OOAK Table Tennis Forum


A truly International Table Tennis Community for both Defensive and Offensive styles!
OOAK Forum Links About OOAK Table Tennis Forum OOAK Forum Memory
It is currently 27 May 2020, 05:58


Don't want to see any advertising? Become a member and login, and you'll never see an ad again!



All times are UTC + 9:30 hours




Post new topic Reply to topic  [ 51 posts ]  Go to page Previous  1, 2, 3, 4
Author Message
 Post subject: Re: Chopping short pips?
PostPosted: 07 Feb 2015, 15:57 
Offline
Full member
User avatar

Joined: 12 Dec 2014, 19:07
Posts: 99
Location: SoCal, USA!
Has thanked: 1 time
Been thanked: 19 times
dunc wrote:
Beta wrote:
I've heard from many people that he uses the Standard sponge on Spectol, but I have not met Hou Yingchao in person, so I may be wrong. Feel free to correct me if you have any definitive source for his equipment, I'd be interested to know (he may be an EJ for all I know).

I read it on somewhere like myTT first but I didn't really believe it. One of the Chinese guys I've played against and had a bit of coaching from in my league (a University student) uses Chinese forums a great deal and they tend to be a fairly reliable source for finding out professional players' equipment. I asked him about Hou - he didn't actually know who he was, but he did some searches and a few separate posts seemed to indicate that he uses a "custom sponge" and one of those said it was "harder than Spectol Speed". Obviously that could be total bull. I'd imagine he can chop pretty well with both, but isn't a harder sponge supposed to give you more feeling and less "spring"?



Beta wrote:
How do you mean? These SP techniques are fairly elementary.. of course the better your opponent, the harder they are to execute. But keeping a loose wrist, snapping it (or choosing not to), and not creating a painfully obvious follow through are extremely basic chopping guidelines.. I don't know if there's any decent chopper you could find who doesn't do that??

I don't think my chopping technique is totally hideous with the SPs (http://youtu.be/4t3gvNsuwvU?t=8m43s, though I know I need to be much lower and start my swing higher - I'm better at that 5 months down the line) but my pushing was so inconsistent. As I said in DA's blog thread I sometimes get heavy backspin when I don't mean to and vice versa. With my Curl P1-R I know that if I get the bat angle right and engage the sponge I can create backspin or if I tilt the bat a bit with the same motion and I can achieve reversal. I know how to float with SPs by lifting upwards (the way you would with inverted) but when I try to get heavy backspin nothing really seems to happen. Then every so often I just seem to "catch it" correctly and it's absolutely loaded.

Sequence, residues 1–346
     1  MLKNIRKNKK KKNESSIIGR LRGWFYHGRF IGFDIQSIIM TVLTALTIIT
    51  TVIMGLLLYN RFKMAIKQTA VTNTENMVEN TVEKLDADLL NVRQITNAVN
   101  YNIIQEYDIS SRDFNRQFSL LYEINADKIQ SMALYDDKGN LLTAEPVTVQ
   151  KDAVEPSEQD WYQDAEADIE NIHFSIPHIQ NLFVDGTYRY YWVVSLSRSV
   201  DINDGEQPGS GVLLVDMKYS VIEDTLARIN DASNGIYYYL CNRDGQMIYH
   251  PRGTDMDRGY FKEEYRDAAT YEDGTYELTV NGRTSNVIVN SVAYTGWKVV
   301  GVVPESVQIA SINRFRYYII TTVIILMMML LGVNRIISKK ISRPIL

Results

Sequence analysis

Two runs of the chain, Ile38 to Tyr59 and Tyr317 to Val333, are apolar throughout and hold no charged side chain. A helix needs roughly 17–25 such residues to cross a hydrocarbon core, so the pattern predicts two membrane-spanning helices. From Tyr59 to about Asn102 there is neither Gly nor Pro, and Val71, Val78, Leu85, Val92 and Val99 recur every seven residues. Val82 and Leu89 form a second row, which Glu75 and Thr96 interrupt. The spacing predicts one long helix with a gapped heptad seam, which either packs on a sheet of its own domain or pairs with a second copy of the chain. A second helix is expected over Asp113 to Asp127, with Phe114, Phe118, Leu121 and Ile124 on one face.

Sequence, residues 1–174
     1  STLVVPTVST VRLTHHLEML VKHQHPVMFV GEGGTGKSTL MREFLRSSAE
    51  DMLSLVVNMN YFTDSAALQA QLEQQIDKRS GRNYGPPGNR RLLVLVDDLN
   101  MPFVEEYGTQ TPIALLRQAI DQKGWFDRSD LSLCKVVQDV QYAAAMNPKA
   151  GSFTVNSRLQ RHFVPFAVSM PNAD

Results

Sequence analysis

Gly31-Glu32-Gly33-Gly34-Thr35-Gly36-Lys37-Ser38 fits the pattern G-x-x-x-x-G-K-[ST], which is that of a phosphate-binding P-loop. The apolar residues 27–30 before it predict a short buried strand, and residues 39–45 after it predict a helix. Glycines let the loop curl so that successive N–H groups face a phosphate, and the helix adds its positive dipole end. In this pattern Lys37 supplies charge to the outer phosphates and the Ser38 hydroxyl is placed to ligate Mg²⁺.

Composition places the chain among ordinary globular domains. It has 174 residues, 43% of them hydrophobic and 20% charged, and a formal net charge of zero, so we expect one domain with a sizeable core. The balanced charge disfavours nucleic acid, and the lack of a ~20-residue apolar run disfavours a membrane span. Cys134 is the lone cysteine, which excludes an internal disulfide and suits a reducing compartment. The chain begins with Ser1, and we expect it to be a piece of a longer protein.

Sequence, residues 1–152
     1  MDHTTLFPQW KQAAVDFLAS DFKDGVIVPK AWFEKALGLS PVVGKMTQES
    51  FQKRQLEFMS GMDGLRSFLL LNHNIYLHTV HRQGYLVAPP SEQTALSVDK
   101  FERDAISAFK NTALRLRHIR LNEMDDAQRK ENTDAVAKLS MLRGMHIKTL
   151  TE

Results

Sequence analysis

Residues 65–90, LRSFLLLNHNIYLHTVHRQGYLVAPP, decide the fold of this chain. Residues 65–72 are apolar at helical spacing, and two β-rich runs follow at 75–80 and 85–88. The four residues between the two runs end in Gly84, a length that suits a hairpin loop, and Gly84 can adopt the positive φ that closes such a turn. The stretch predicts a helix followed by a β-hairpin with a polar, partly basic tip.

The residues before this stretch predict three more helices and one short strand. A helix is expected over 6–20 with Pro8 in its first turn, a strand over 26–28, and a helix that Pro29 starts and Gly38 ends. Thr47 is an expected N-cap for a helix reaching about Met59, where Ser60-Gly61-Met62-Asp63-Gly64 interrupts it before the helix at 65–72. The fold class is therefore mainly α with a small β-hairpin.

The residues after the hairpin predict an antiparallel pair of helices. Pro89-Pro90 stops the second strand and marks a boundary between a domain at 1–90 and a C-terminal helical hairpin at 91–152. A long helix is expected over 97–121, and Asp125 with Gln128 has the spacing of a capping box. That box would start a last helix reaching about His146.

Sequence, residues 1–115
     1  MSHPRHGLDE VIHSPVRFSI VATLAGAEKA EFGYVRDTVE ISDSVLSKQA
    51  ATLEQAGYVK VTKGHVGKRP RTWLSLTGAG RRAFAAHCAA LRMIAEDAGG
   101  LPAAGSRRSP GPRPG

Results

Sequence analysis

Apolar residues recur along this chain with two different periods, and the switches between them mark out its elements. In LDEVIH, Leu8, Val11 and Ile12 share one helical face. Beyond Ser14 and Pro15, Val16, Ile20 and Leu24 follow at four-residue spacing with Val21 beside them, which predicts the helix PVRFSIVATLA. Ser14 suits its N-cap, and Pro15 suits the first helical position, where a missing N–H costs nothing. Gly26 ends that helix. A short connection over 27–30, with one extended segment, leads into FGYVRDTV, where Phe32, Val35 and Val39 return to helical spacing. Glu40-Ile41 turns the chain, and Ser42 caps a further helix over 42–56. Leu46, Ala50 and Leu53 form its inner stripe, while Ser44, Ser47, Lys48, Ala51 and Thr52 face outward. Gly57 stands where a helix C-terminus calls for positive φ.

One thing I did notice in the 2007 video DA posted was Hou's chopping distance. I've roughly estimated (I know the angles aren't right so it's not entirely accurate but it's not too far off) that when Hou chops what I'd call a "warmup loop", he stands around 3m from the table. When his opponent plays a full-blown powerloop he stands about 4m away:

Image

I measured the courts I play my home matches on tonight and it's 2.9m of space from the end of the table to the wall/barriers. Argh :(

For me, a sponge that's too hard makes for more difficult chopping. There's less dwell time for you to manipulate the spin, a harder rebound which also makes finesse shots lose control, and less 'dampening' of the ball which I think is crucial for every chopper.

Take for example a few examples of popular chopping rubbers among professionals; among Long Pips, Feint Long III and TSP Curl p4 have outrageously soft sponges; FLII is slightly harder but still soft, yet TSP CURL P1r is a bit on the firm side. However, the nature of long pips increases the ease of chops and slows the ball more than short pips, so one would be able to get away with a slightly harder sponge and still retain control.